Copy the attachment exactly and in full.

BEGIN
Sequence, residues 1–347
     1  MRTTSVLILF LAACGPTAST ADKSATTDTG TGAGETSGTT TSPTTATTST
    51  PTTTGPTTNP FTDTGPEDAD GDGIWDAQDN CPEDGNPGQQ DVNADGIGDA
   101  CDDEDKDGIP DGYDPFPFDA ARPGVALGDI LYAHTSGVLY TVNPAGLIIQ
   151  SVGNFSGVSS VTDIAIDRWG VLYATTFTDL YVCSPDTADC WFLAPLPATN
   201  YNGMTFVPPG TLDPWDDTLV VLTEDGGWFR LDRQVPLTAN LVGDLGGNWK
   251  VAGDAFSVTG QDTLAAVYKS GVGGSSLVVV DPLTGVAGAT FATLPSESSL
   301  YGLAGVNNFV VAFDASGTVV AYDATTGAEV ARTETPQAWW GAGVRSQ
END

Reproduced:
Sequence, residues 1–347
     1  MRTTSVLILF LAACGPTAST ADKSATTDTG TGAGETSGTT TSPTTATTST
    51  PTTTGPTTNP FTDTGPEDAD GDGIWDAQDN CPEDGNPGQQ DVNADGIGDA
   101  CDDEDKDGIP DGYDPFPFDA ARPGVALGDI LYAHTSGVLY TVNPAGLIIQ
   151  SVGNFSGVSS VTDIAIDRWG VLYATTFTDL YVCSPDTADC WFLAPLPATN
   201  YNGMTFVPPG TLDPWDDTLV VLTEDGGWFR LDRQVPLTAN LVGDLGGNWK
   251  VAGDAFSVTG QDTLAAVYKS GVGGSSLVVV DPLTGVAGAT FATLPSESSL
   301  YGLAGVNNFV VAFDASGTVV AYDATTGAEV ARTETPQAWW GAGVRSQ